*I still have five weeks to go, but considering the number and frequency of contractions I’ve had this trimester, I think I’m wise to prepare for a surprise early birth…

Subscribe to blog via RSS
Share this on:

3 comments so far...

  • We have a separate “office” in the house (complete with a door!) which is where Matthew does all of his work, and where I do the bookkeeping/payments, etc. for our business.

    When I am doing my accounting/writing stuff I actually tend to do it at the kitchen table so I can be where everyone else is.

    If I really need to concentrate I lock myself in the office, but other than that I get lonely :)

    Angella  |  October 22nd, 2008 at 7:16 pm

  • I work from home while my toddler cavorts around with her nanny. I have to hide out from her though (the toddler that is!), if she knows I’m home she’s all over me.
    I’m lucky to have a small bathroom en-suite to my home office so I stash a change of clothes and cosmetics there in the evenings and after breakfast just ‘disappear’ in my pyjamas to shower and dress etc there before starting work.
    Even if you don’t have a bathroom I highly recommend keeping a deoderant, lip balm, hairbrush etc stashed in your desk drawer for those moments when you simply can’t reveal your presence.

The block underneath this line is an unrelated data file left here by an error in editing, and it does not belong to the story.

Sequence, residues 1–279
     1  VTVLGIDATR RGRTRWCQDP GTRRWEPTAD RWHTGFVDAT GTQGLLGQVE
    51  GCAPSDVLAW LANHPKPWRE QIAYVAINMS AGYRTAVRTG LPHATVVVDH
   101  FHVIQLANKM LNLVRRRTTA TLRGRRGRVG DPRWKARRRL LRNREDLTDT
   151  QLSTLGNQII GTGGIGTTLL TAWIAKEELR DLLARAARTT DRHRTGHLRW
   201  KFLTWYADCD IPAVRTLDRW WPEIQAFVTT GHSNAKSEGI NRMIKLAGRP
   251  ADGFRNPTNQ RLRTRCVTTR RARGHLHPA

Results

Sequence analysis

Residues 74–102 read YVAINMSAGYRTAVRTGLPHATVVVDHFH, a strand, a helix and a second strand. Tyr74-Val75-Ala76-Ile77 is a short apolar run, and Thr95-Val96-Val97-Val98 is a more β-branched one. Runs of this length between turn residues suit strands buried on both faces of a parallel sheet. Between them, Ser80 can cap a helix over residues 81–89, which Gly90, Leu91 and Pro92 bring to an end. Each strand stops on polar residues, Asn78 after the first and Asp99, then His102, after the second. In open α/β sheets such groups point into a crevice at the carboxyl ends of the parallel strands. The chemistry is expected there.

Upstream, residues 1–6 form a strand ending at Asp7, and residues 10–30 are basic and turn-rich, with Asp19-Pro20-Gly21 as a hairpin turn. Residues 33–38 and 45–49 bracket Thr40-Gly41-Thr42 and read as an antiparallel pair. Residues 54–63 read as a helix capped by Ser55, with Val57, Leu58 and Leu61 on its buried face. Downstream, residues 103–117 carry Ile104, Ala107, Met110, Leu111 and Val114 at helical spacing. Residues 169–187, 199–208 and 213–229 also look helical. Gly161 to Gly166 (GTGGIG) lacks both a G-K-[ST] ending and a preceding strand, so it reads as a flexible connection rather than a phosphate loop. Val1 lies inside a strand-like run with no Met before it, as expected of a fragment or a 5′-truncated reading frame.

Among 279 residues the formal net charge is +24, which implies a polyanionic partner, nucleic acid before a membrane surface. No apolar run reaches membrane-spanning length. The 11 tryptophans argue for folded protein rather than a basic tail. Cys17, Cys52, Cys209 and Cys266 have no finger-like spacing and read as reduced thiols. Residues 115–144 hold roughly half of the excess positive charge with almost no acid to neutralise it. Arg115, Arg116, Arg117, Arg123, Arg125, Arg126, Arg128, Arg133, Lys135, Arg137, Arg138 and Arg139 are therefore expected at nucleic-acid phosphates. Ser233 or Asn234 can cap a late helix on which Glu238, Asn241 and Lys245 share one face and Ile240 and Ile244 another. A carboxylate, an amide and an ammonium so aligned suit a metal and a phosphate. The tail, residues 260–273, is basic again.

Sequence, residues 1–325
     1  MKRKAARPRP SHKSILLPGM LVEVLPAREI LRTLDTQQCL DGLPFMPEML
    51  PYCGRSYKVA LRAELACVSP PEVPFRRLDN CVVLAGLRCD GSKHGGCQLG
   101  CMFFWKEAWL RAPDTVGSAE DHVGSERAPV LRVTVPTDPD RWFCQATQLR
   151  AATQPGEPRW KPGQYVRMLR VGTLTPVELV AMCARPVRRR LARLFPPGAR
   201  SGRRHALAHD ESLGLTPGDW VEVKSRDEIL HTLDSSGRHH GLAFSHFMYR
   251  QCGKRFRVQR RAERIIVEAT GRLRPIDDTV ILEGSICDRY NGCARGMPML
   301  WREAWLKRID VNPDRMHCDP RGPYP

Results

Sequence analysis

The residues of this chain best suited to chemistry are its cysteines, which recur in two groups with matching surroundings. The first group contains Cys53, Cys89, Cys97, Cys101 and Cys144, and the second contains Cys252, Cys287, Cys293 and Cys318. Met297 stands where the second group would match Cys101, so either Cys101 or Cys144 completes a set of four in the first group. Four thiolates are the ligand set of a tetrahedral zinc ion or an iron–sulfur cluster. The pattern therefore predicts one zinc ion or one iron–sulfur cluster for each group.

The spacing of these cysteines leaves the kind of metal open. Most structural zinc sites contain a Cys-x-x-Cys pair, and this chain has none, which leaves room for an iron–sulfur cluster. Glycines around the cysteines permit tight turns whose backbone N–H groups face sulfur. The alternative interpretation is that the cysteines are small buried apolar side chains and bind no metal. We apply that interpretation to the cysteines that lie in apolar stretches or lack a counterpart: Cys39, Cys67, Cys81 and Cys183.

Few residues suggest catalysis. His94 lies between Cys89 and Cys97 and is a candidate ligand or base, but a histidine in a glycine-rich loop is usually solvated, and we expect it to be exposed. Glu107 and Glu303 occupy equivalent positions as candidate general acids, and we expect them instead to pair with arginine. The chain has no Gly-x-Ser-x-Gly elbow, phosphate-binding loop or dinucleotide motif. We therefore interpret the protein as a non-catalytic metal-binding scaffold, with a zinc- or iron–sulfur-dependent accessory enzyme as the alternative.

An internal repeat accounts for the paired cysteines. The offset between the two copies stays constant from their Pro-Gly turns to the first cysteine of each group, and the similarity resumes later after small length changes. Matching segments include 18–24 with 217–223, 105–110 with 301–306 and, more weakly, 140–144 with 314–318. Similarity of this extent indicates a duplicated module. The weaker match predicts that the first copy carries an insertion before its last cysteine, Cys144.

I love having my daughter at home and being able to hear what she’s up to while I’m working.
    Good luck for the rest of your pregnancy - you’re looking fantastic!

    molly  |  October 23rd, 2008 at 2:54 am

  • When my son was an infant I found it so *easy* to Baby Bjorn him while working or boing him in the bouncy seat with my toe when at my desk. As he got older and mobile (and louder!) it was harder to have uninterrupted stretches to work. Now that he is an enormous, havoc-wreaking 2.5-yr-old I really REALLY wish I had an office space I could lock him out of. My 5-yr-old, however is fine to sit and color or read for quite a while and we can work companionably in peace.

    In short, I think you’ll find what you want from your office will change over time, so try to keep it as flexible as you can.

    shriek house  |  October 23rd, 2008 at 11:42 am